As an elementary librarian, I am always on the lookout for books that will interest my readers, keep them engaged, and at the same time, leave them wanting more. This sounds so simple on paper, but it is definitely a huge endeavor. With that, I have created a Poetry Virtual Library to share with you to kickstart Poetry Month all during the month of April.
Our Virtual Library includes some classics, such as Owl Moon, by Jane Yolen, and The Giving Tree, by Shel Silverstein. In addition, it also includes some books that many might not think of as poetry since it looks more like a picture book than a typical poem. However, many, many picture books are actually indeed poems eloquently spread across 24 pages with lots of exciting illustrations along the way. Please enjoy our list of Poetry Books for the month of April.
Book #1: Owl Moon, by Jane Yolen
Late one winter night a little girl and her father go owling. The trees stand still as statues and the world is silent as a dream. Whoo-whoo-whoo, the father calls to the mysterious nighttime bird. But there is no answer. Wordlessly the two companions walk along, for when you go owling you don’t need words. You don’t need anything but hope. Sometimes there isn’t an owl, but sometimes there is.
Distinguished author Jane Yolen has created a gentle, poetic story that lovingly depicts the special companionship of a young child and her father as well as humankind’s close relationship to the natural world. Wonderfully complemented by John Schoenherr’s soft, exquisite watercolor illustrations, this is a verbal and visual treasure, perfect for reading around and sharing at bedtime.
Book #2: 16 Words, by Lisa Rogers
This simple nonfiction picture book about the beloved American poet William Carlos Williams is also about how being mindful can result in the creation of a great poem like “The Red Wheelbarrow”–which is only sixteen words long.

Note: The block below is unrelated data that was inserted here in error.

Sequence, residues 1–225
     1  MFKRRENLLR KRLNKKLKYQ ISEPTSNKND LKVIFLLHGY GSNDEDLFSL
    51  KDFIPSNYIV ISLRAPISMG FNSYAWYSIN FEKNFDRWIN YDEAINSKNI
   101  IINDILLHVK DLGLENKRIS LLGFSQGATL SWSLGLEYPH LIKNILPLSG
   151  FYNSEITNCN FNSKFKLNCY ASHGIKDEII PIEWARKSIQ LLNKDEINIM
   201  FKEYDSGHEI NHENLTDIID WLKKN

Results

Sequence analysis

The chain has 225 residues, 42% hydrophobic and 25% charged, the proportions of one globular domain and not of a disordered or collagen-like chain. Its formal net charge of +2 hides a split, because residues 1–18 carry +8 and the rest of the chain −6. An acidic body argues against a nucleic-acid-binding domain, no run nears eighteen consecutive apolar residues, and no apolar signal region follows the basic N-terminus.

“Look out the window. What do you see? If you are Dr. William Carlos Williams, you see a wheelbarrow. A drizzle of rain. Chickens scratching in the damp earth.” The wheelbarrow belongs to Thaddeus Marshall, a street vendor, who every day goes to work selling vegetables on the streets of Rutherford, New Jersey. That simple action inspires poet and doctor Williams to pick up some of his own tools–a pen and paper–and write his most famous poem.
In this lovely picture book, young listeners will see how paying attention to the simplest everyday things can inspire the greatest art, as they learn about a great American poet.
Book #3: I Got the Rhythm, by Connie Schofield-Morrison
On a simple trip to the park, the joy of music overtakes a mother and daughter. The little girl hears a rhythm coming from the world around her- from butterflies, to street performers, to ice cream sellers everything is musical! She sniffs, snaps, and shakes her way into the heart of the beat, finally busting out in an impromptu dance, which all the kids join in on! Award-winning illustrator Frank Morrison and Connie Schofield-Morrison, capture the beat of the street, to create a rollicking read that will get any kid in the mood to boogie.
Book #4: Water Can Be, by Laura Purdie Salas